If a film was a large production, and lasted over two hours, it would break just over half way through. A sign on the screen would announce the interval, usually of fifteen minutes duration. People would shuffle along the long rows, mouthing their ‘excuse me’ to every neighbour, and head off to the toilets (called Lavatories of course) or to join the queue for refreshments. When less grand films were being shown, which was more usual, there would also be a break, as there would be two films in  the programme, so the intermission would come after the first, less important film, and before the film called the ‘main feature’. As well as two films, there would also be Pathe News, showing world events, Royal visits, or sporting triumphs, and sometimes cartoons. So it was a full evening of entertainment, and represented excellent value. At the end of the evening’s performance, the lights would be turned up, and you would be expected to stand, for the playing of the National Anthem. This may seem archaic now, but woe betide anyone seen sneaking out before the end. It was frowned upon. Britain was still a patriotic country in every way then, with a vestige of Empire, and a flourishing and loyal Commonwealth.


I would walk home, tired but happy, chattering to my parents about the film or films we had seen, perhaps clutching my glossy programme, and looking forward to the next time that I went to ‘The Pictures’.


When I was very young, everyone I knew, with perhaps three exceptions, was a smoker. My Mum smoked, as did my Dad, my Grandparents, almost all of my Uncles and Aunts, and all the family friends. Smoking was normal. In the street, on the bus or train, in shops, cinemas, theatres, everyone seemed to be smoking. The only place I had never seen anyone smoke was in a church. If you visited someone in hospital, they had an ashtray next to their bed. Cigarettes were sold everywhere; in pubs, shops, railway stations, cafes, restaurants, and even from vending machines in the street. If you are under 40 years of age, you would find it hard to believe how acceptable it was to smoke.

Furniture was even sold with built in ashtrays, in recesses in the arms. Cigarette boxes were coordinated with other ornaments, and every room would have a selection of ashtrays, of all shapes and sizes. These ashtrays were usually the most popular gift to bring someone from a holiday, covered in sea-shells, or bearing the name of the resort where you had spent your summer break. Novelty cigarette dispensers were also popular, at least with the working classes. My Grandmother was very proud of a plastic donkey that she had received. It carried a box on its back. When filled with cigarettes, the large ears could be pulled forward, the tail would raise, and a fresh cigarette would appear out of the donkey’s rear end! This fascinated me as a child, and I would happily play with it for hours.

Cigarettes, and cigars, as well as pipes, were common gifts for Christmas and birthdays, and they were always well-received. In the build up the the Festive Season, the tobacco companies would prepare special gift ranges. Cigarettes would be packaged in larger numbers, in 50’s or 100’s. They would be sold in special tins, or large boxes with nice designs. Cigars were considered the height of luxury, and were much too expensive for the average worker. So, the companies made sure everyone could afford to buy some, by adding smaller packs, of 2’s and 5’s, or selling single cigars, in stylish metal tubes. All of these would be passed around in the pub, or at family parties.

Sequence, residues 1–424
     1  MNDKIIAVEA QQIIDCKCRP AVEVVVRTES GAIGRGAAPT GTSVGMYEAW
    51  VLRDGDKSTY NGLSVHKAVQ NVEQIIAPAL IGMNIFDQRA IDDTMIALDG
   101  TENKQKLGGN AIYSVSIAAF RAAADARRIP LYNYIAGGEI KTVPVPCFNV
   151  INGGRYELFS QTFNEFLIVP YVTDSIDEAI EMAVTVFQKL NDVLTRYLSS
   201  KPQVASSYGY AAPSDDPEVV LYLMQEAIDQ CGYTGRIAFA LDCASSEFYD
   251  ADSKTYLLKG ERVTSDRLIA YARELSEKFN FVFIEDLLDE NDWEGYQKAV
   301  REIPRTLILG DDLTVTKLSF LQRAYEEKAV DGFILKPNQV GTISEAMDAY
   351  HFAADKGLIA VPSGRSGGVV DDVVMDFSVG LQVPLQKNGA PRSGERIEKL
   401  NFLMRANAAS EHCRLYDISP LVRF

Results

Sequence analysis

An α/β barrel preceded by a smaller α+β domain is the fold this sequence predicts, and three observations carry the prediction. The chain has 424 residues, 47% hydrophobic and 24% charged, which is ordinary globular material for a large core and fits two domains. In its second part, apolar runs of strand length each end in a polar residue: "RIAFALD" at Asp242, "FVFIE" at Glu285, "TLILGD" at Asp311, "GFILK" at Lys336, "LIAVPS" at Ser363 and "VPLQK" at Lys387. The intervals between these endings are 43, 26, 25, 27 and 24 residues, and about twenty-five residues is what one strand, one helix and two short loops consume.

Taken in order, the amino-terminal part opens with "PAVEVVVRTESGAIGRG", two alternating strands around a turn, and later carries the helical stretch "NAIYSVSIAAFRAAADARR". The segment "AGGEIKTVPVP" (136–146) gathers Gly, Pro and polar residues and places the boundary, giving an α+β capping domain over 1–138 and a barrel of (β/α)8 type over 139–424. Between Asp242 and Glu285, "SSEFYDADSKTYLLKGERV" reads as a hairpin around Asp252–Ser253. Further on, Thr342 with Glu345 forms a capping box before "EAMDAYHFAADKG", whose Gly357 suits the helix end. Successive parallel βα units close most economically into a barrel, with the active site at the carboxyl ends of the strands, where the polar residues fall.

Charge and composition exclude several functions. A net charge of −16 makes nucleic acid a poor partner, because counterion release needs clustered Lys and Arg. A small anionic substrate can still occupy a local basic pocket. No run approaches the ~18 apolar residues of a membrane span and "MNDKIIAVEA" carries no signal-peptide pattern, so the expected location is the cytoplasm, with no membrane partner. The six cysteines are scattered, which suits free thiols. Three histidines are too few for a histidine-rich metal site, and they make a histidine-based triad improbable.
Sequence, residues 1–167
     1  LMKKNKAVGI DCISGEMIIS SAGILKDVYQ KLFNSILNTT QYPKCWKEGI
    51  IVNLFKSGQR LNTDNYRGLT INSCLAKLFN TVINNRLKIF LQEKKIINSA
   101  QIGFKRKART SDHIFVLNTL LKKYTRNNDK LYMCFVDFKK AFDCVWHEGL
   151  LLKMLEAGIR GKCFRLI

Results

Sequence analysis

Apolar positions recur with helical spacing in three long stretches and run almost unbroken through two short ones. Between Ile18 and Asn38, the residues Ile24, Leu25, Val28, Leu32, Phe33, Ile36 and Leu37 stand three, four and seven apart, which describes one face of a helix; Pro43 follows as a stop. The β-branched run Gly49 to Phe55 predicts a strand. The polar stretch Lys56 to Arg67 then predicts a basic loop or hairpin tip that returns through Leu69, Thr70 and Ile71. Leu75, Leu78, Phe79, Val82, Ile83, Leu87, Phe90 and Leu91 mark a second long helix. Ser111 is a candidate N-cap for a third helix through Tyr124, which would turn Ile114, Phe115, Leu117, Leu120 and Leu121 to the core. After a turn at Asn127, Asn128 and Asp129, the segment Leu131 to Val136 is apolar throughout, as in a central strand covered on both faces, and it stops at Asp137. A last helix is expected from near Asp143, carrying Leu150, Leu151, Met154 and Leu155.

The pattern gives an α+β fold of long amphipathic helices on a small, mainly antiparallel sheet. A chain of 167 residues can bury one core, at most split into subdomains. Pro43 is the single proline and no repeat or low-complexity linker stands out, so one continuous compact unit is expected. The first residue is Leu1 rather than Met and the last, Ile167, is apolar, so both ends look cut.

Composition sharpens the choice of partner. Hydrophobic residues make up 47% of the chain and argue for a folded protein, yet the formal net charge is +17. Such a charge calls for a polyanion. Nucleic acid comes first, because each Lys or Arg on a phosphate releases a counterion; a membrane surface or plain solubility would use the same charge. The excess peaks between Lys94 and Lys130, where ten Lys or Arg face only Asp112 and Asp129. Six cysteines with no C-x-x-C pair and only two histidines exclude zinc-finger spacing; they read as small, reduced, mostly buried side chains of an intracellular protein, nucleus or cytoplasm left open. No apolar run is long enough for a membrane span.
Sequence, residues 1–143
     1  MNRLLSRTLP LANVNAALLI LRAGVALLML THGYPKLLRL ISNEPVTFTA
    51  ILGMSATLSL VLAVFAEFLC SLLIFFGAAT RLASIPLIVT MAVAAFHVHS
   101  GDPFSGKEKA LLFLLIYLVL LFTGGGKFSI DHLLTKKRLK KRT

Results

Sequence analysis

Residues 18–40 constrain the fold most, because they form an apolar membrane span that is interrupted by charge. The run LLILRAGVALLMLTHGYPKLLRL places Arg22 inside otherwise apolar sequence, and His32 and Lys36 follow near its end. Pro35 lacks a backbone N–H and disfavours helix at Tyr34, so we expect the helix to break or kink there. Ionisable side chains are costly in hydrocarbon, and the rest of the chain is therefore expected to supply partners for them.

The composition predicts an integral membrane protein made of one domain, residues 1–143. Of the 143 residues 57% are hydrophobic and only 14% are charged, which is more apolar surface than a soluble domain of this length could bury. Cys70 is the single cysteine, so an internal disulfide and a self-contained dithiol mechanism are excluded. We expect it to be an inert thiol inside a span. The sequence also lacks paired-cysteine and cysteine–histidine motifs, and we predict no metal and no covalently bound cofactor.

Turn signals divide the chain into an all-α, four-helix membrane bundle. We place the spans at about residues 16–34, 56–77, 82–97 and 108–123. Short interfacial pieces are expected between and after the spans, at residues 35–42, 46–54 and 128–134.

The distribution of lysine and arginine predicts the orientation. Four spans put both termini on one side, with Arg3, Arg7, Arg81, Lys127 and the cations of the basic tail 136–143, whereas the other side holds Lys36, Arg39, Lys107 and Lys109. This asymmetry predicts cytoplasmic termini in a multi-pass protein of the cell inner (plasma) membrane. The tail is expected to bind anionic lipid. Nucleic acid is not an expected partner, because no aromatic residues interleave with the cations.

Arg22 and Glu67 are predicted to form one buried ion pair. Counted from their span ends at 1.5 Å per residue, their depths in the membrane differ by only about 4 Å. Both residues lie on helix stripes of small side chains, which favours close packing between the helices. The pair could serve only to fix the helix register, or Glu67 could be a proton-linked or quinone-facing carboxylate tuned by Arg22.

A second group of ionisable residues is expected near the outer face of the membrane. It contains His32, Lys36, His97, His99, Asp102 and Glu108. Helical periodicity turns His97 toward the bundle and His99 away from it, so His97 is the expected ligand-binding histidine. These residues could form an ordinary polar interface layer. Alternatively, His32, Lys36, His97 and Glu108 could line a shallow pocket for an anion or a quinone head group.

Offering cigarettes to guests was as natural as offering tea, food, or alcohol, and it was often the role of the children of the house to make this gesture, while the adults chatted and made small-talk. I recall an onyx cigarette box, with matching table lighter and ashtrays. In my mid teens, I would offer this around to callers at the family home, and light the cigarettes of those who took one. Pipes are almost unseen these days. Then, pipe smoking was common, and a good pipe was an expensive item, frequently given as a gift upon Retirement, or when reaching a birthday of a certain age.

There were few distinctions on smoking between the classes, except perhaps for the brand of cigarette, the cost of it, or how it was smoked. Richer people, celebrities, and a lot of women, would use a cigarette holder. This came from the days before filter tips, when the paper, or small bits of tobacco, would stick to the lips, and lipstick would smear the end of the cigarette. In my circles, using a holder was considered very upper class, or effeminate, depending on the person. Smoking was not discouraged amongst the young. Some men felt that boys should be smoking by the time they were 14, or at least have tried their first cigarette by then. It was seen as a rite of passage, along with your first glass of beer, and losing your virginity. Is it any wonder then, that by the age of 16, I was desperate to become a smoker?

There were two main reasons why I had not started before. Although cigarettes were affordable to all, by comparison with today’s prices, I didn’t really have a lot of money, as I had decided to stay on at school. More importantly, I was afraid that I would cough, or smoke in a funny way, fail to be an accomplished smoker, and let the side down. I resolved that during the coming summer holidays of July 1968, I would buy some cigarettes, and give it a try, teach myself to smoke when there was nobody around.

I had already decided which brand to try. Benson and hedges, in the gold packet that looked like an ingot. Luxury personified, and King Size, so marginally longer than most cigarettes. They had a filter too, so would not be as harsh as the still popular ‘Plain’ , or non-tipped brands. I bought 10 cigarettes, and a box of matches. There was no question that the shopkeeper would serve me, as there was no age restriction on the sale of anything. A small child going to buy sweets would often be given the extra money to bring home cigarettes for their parents.